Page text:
researched the tragic killing of 32 people at a gay bar in 1973, and he recreated both the feeling of the bar and the limited -- and sometimes homophobic -- news coverage around it at the time.
The article featured images of Mr. Fein's exhibit and the artist shot by a local photographer, William Widmer. Though the images may be suggestive (a shirtless man, for example), they are not explicit. In fact, the article was similar in many
ways to other Arts pieces that have been published in The Times, and not particularly edgy.
Folsom Street Fair, the annual BSDM fair in San Francisco, upset photographers in 2016 with its Ask First campaign that asked photographers to receive permission before taking photos of people on the public streets of the fair. This year, the
same event organizers have released a warning that compares taking photos without consent to sexual assault.
The PSA image , was uploaded by Folsom Street Events to the page for Up Your Alley , a leather and fetish street fair held yesterday on Folsom Street in SF. It reads: Gear is not consent. Nudity is not consent. Ask first before photographing or
touching someone. No means no.
Folsom Street Events' street fairs are on public streets, and even though the streets are closed to traffic during the events, the area is still a public place. On the flip side, nudity is prevalent during the extremely not safe for work street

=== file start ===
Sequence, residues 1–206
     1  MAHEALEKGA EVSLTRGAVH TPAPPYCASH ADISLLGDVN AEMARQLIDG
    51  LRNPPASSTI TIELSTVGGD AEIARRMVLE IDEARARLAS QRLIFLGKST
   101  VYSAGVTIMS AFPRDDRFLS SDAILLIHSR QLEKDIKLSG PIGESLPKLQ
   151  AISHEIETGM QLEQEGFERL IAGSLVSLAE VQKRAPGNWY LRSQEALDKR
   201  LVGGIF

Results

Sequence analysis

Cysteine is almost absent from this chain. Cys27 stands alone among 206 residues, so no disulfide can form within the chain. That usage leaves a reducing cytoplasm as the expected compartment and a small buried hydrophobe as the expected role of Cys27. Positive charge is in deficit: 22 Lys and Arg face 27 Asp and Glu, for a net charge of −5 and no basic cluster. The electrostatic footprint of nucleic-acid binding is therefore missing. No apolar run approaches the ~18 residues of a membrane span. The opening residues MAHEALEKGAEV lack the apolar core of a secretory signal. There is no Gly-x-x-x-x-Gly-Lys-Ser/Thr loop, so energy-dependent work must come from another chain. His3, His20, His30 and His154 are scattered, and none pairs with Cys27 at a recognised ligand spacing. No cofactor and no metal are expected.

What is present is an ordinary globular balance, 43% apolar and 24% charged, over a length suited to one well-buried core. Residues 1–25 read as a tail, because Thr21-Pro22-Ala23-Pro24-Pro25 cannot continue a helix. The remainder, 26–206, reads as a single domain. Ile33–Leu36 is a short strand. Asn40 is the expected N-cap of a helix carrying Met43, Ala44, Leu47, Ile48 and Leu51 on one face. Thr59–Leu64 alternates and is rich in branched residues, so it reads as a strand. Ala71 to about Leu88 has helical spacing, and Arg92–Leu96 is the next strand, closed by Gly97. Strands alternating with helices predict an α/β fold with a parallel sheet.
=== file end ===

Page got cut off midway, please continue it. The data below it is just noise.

fairs, so it's a situation in which expectations of privacy collide with First Amendment rights to shoot photos in public places without permission.
Nathaniel Y. Downes , a freelance photojournalist who works for the San Francisco Chronicle commented:
The more harmful thing is that somehow the story has put photography and sexual assault in the same mouthful. No matter the intentions, this is not a positive direction for photography to be moving in the public eye.
I have been to the fair a few times and have never taken pictures. But as a photographer, it hurts me to think that some people see photography the same as sexual assault.
Ten LGBT-themed children's books have been banished to the closed sections of Hong Kong's public libraries after heavy campaigning by an anti-gay rights group.
For months, the Family School Sexual Orientation Discrimination Ordinance Concern Group complained to the Home Affairs Bureau about books that promote gay and transgender awareness.
In a Facebook post on 17 June, the group shared an email from the Bureau confirming 10 books would be removed from library shelves after consideration by the Collection Development Meeting that is made up of library professionals.
Library users must now ask staff to see the books. The email says the Collection Development Meeting decided seven of the 10 books were neutral and do not promote homosexuality or same-sex marriage. Yet they were still moved to the closed shelves
so parents can decide what their children read.
Instagram has apologised for censoring a photo of two men kissing for violating community guidelines.
The photo - featuring Jordan Bowen and Luca Lucifer - was taken down from photographer Stella Asia Consonni's Instagram.
A spokesperson for the image sharing site regurgitated the usual apology for shoddy censorship saying
This post was removed in error and we are sorry. It has since been reinstated.
The photo was published in i-D magazine as part of a series of photos by Stella exploring modern relationships, which she plans to exhibit later this year. It only reappeared after prominent people in fashion and LGBT+ rights raised awareness
about the removal of the photo.